Right now, world leaders are faced with a daunting challenge. At the current rate the population is growing, it is predicted that there will not be enough food to feed the world, especially in developing countries. Fortunately, the introduction of school gardens to education gives hope to the end of global poverty.
For many children in developing countries, students must walk to school at an utmost of 4 miles. Some children even walk to school knowing they will not have a lunch because their family could not afford the cost.
According to the World Food Programme (WFP), 795 million people are undernourished, meaning one in nine people will not receive enough food to lead a normal, healthy and active life.
Students cannot focus or comprehend new information in the classroom without a proper meal. If students do not learn and go to school, the cycle of poverty will most likely continue.
A solution to this problem exists with school gardens that can help overcome the nutritional crisis. Not only will children be guaranteed a meal during lunch, but they can also learn how to eat a healthy and nutritious meal.
For 14-year-old Marita Wyson, a student from Malawi, her school garden is making a lasting impact on her life and helping her gain the proper nutrients for healthy adolescent development.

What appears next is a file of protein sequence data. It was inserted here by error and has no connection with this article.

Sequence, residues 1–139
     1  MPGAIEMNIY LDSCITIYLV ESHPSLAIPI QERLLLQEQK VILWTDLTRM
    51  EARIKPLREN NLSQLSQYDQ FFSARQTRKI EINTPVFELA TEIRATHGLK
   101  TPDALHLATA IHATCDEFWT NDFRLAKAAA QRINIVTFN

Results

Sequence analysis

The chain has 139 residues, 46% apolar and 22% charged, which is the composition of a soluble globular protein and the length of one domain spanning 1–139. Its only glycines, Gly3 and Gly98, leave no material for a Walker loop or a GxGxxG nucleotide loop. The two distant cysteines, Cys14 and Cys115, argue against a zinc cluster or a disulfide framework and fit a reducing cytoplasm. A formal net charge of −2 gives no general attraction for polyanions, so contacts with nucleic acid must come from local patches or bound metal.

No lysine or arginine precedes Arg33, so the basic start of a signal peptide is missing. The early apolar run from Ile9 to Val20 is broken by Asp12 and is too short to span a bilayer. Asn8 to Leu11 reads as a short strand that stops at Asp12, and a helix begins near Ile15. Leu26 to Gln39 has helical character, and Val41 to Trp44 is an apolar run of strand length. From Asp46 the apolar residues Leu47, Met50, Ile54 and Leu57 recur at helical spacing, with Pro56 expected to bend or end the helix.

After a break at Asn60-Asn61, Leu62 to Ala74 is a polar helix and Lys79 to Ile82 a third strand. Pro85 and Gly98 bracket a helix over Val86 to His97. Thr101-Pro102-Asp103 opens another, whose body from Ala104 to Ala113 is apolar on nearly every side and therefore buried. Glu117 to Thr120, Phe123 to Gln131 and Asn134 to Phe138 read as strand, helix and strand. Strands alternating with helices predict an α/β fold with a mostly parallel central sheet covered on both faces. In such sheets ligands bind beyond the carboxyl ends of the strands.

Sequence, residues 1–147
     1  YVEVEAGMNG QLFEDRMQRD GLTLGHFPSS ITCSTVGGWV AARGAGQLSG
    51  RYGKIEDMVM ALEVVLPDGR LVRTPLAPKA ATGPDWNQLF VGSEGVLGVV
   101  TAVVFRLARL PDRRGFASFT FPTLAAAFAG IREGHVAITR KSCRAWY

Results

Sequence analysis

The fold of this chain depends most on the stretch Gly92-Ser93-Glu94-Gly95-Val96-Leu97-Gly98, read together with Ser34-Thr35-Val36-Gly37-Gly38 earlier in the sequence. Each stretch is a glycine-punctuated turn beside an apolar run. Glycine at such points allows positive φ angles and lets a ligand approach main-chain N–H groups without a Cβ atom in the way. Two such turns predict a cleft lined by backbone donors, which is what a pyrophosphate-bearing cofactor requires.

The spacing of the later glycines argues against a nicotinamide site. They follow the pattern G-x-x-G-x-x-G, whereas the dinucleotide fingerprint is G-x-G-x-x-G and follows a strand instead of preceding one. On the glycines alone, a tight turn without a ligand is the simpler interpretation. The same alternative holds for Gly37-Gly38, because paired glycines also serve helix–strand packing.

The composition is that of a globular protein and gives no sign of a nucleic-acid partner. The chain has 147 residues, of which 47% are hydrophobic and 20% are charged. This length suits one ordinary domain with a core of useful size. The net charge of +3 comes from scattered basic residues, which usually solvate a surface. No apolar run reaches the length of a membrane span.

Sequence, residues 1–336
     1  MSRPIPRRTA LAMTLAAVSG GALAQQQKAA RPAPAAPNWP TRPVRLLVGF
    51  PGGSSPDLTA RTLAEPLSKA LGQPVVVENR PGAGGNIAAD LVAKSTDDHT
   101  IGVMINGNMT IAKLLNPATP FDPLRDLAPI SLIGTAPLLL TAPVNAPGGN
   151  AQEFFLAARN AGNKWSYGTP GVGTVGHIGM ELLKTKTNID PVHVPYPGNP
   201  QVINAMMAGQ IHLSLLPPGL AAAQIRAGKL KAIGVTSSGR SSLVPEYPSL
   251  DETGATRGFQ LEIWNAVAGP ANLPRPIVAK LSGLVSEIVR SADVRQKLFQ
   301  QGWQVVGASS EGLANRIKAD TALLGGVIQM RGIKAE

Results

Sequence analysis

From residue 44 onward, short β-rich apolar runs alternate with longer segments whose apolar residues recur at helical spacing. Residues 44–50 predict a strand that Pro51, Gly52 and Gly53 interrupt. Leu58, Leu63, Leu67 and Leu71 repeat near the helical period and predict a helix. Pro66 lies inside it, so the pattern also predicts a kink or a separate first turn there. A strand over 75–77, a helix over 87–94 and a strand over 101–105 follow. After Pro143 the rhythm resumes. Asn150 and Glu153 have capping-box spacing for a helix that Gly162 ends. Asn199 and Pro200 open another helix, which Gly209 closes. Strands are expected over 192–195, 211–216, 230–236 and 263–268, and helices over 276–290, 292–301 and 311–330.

“I am able to understand what my teachers are telling me,” she said. “My grandmother doesn’t have to worry so much about how she will provide food for me and my sister.”
With governments partnering with organizations around the world, school gardens are becoming increasingly popular and have shown to give students a better understanding about the environment. If children are introduced to agriculture and the environment at an early age, they are more likely to have a better attitude about the subject.
While the deadline for the U.N.’s 2015 Millennium Development Goals has passed this September, two of the most important goals — cutting poverty in half and making primary education universal — have come a long way since the turn of the century.
While poverty has been cut in half since 1980, primary education lags behind in developing countries including sub-Saharan Africa.
The introduction of these school gardens in developing countries may become the turning point in eradicating global poverty. With the world united, school gardens can make not only an immediate difference but ensure the future of children living in developing countries.
– Alexandra Korman